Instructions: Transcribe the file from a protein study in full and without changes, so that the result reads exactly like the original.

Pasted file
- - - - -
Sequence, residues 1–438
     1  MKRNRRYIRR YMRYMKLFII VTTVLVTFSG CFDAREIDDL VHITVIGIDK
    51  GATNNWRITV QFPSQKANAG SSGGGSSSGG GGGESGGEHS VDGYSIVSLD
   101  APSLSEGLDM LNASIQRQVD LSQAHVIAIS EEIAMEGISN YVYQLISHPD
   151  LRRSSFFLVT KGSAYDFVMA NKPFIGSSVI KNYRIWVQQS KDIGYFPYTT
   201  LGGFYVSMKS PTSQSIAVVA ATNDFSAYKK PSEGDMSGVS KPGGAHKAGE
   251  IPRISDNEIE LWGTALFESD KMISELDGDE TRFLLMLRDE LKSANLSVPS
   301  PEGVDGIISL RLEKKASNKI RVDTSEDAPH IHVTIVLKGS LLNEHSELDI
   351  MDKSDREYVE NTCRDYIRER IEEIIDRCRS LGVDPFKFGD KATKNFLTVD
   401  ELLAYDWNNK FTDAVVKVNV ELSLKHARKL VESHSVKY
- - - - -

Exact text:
Sequence, residues 1–438
     1  MKRNRRYIRR YMRYMKLFII VTTVLVTFSG CFDAREIDDL VHITVIGIDK
    51  GATNNWRITV QFPSQKANAG SSGGGSSSGG GGGESGGEHS VDGYSIVSLD
   101  APSLSEGLDM LNASIQRQVD LSQAHVIAIS EEIAMEGISN YVYQLISHPD
   151  LRRSSFFLVT KGSAYDFVMA NKPFIGSSVI KNYRIWVQQS KDIGYFPYTT
   201  LGGFYVSMKS PTSQSIAVVA ATNDFSAYKK PSEGDMSGVS KPGGAHKAGE
   251  IPRISDNEIE LWGTALFESD KMISELDGDE TRFLLMLRDE LKSANLSVPS
   301  PEGVDGIISL RLEKKASNKI RVDTSEDAPH IHVTIVLKGS LLNEHSELDI
   351  MDKSDREYVE NTCRDYIRER IEEIIDRCRS LGVDPFKFGD KATKNFLTVD
   401  ELLAYDWNNK FTDAVVKVNV ELSLKHARKL VESHSVKY